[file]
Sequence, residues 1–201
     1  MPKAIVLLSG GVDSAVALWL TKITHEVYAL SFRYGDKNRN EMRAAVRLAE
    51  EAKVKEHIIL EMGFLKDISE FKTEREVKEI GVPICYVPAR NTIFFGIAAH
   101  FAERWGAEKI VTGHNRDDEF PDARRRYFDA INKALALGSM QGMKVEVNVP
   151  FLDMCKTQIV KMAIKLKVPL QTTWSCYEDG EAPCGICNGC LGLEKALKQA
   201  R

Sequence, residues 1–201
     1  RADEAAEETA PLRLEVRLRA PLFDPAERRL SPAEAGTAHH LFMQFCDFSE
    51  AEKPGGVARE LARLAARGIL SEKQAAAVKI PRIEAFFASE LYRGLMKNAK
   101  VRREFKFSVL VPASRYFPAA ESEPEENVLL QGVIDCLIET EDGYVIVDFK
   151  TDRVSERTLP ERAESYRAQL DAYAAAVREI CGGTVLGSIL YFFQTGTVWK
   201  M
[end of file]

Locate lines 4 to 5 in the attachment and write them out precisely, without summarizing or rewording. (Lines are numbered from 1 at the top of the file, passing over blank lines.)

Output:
   101  FAERWGAEKI VTGHNRDDEF PDARRRYFDA INKALALGSM QGMKVEVNVP
   151  FLDMCKTQIV KMAIKLKVPL QTTWSCYEDG EAPCGICNGC LGLEKALKQA